Tuesday, August 26, 2008
Companies who have a sound CRM strategy combined with the best technology aren't statisfied with their CRM projects because of dirty data.
The number of personnel changes, address changes, company acquisitions along with customer records with missing or incorrect information means a whole lot of bad data.
Change and error are both constants in life and they make customer data managment seems like a hopelesss cause.
There is hope. Forward-thinking companies appoint a customer data individual who is reponsible for data management and data quality. Typical tasks might include determining data security measures and working to resolve data integrity issues. Some companies tie in incentives to the integrity of the data - the higher the data quality, the more the individual is compensated.
Wednesday, August 20, 2008
Consider your choice of CRM software carefully. Here are some buying tips for CRM applications:
- Integration: CRM software should integrate with your current software applications.
- Mobile Connectivity: Your sales force needs to be able to connect to CRM software via cell phone, PDA, web and more.
- Reporting: The CRM application needs to be easy to use and intuitive. If it's not logical or easy to use, your sales and customer service staff will not use it.
- Technical Support Costs: Some CRM software packages are deceptively inexpensive, but have high support costs. Understand what you are purchasing before you commit to the software.
Tuesday, August 12, 2008
Create a Short List
Look beyond spec sheets and feature lists. Examine factors such as a company's target market and product-delivery models. The short list should contain between three and five CRM companies to compare, any more will cause confusion.
Find Out What's in it for Your Company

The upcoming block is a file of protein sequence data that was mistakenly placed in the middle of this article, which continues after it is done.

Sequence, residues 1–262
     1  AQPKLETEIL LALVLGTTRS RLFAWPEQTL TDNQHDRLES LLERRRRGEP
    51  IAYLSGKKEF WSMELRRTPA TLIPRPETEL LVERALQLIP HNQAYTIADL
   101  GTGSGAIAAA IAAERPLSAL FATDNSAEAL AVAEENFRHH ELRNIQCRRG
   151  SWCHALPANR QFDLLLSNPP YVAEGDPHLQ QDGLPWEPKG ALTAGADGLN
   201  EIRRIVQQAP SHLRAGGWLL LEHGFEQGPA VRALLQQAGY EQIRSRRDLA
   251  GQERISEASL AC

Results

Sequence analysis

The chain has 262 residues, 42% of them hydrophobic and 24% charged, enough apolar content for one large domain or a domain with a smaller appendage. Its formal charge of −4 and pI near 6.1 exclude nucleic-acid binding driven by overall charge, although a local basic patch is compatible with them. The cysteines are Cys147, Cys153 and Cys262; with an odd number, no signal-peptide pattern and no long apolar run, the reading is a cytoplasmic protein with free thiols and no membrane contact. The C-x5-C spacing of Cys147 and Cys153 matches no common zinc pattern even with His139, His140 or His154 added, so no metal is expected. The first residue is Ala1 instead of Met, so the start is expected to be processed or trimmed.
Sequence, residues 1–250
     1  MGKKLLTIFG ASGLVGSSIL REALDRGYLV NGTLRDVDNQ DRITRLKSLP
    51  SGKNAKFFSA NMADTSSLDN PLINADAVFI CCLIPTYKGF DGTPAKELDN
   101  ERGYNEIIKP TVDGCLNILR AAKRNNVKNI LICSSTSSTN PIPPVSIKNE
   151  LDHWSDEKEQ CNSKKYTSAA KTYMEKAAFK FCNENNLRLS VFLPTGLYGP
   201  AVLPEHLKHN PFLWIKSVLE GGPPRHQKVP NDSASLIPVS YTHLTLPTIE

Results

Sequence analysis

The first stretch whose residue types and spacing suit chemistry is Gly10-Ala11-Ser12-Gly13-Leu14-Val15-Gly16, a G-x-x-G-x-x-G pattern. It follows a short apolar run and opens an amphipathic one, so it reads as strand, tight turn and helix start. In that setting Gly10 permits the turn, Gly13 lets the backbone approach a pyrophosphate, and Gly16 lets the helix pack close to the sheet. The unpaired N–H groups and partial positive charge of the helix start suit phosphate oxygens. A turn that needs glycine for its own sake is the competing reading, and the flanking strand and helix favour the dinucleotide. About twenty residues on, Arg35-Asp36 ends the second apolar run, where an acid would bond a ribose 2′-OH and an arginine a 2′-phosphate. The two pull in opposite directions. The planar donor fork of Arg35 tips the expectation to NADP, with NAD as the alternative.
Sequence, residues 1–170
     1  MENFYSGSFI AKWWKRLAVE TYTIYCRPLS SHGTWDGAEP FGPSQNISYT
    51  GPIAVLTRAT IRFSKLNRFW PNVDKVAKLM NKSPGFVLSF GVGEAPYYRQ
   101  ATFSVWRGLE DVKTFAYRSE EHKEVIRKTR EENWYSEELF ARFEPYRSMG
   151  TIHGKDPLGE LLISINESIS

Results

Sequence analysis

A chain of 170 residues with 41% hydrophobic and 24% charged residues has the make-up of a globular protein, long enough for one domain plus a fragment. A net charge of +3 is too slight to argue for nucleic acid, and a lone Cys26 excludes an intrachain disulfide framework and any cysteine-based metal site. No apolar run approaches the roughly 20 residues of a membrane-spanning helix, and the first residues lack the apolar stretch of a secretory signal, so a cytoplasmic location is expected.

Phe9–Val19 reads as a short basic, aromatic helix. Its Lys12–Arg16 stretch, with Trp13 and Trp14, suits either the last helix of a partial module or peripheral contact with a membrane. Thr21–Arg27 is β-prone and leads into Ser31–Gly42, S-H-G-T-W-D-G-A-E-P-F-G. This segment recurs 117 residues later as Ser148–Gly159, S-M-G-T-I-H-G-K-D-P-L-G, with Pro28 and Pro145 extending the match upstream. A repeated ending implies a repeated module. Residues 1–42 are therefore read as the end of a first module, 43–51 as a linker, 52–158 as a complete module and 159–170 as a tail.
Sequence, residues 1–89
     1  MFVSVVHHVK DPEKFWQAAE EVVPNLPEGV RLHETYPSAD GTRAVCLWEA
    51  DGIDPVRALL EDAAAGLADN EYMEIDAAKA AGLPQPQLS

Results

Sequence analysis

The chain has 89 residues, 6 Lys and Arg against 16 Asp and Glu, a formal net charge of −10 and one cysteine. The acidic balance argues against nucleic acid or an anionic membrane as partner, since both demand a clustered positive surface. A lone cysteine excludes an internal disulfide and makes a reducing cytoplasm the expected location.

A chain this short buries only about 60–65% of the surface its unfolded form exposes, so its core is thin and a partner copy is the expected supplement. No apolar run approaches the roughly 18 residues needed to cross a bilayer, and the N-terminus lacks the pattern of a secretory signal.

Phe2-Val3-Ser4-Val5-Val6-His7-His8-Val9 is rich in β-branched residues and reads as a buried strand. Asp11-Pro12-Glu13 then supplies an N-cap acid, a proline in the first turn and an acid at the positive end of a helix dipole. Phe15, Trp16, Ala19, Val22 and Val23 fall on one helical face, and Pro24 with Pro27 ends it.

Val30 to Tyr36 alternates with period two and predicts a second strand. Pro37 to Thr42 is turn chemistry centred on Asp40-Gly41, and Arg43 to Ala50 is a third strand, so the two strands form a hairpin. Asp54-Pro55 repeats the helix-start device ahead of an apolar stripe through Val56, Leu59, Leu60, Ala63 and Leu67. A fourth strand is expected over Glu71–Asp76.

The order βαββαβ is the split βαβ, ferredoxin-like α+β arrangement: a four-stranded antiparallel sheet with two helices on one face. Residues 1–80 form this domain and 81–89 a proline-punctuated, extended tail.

Once the short list is created, discuss the variables with each vendor such a pricing, product features and implementation. A detailed list of questions will prompt vendors to show how a particular product can benefit a company's unique business needs.
Involve Senior Management
Your IT team may back your choice of a CRM vendor, but your C-level executive needs to have input in the CRM decision.
Many companies mistakenly believe that selecting the right CRM solution is what makes or breaks a CRM project. CRM success hinges on picking a well-suited vendor as well as selecting an appropriate product suite.
Wednesday, August 06, 2008
Most CRM failures are the result of poor implementations rather than a problem with the technology.
The four key factors related to a successful implementation are:
Adopt a customer-centric strategy: Customers know they have a choice in the company they choose so they demand more from sellers. Companies need to truly re-orientate the company to focus on the customer.
Engage sales and customer service staff: Properly educating staff about the business benefits of CRM and training them to use it correctly increase the chances of achieving success.
Be willing to adjust the organization: Willingness to change the company to take advantage of CRM is beneficial. Organizations need to realize all the benefits of CRM software and be willing to rely on the application.
Set measurable goals: For most companies, the financial benefit of CRM software comes from the CRM projects that keep customers from leaving and encouraging them to increase the amount the spend.